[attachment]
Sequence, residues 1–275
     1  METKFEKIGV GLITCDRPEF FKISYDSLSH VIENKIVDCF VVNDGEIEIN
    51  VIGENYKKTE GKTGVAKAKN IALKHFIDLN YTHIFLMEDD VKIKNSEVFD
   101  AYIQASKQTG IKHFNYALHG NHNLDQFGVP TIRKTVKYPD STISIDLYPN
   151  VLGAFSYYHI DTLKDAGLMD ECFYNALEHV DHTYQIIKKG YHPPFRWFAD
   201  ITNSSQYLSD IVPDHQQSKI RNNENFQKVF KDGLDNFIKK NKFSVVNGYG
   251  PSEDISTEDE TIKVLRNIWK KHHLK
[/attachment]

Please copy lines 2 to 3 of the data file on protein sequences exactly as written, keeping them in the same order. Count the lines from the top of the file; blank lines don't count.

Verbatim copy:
     1  METKFEKIGV GLITCDRPEF FKISYDSLSH VIENKIVDCF VVNDGEIEIN
    51  VIGENYKKTE GKTGVAKAKN IALKHFIDLN YTHIFLMEDD VKIKNSEVFD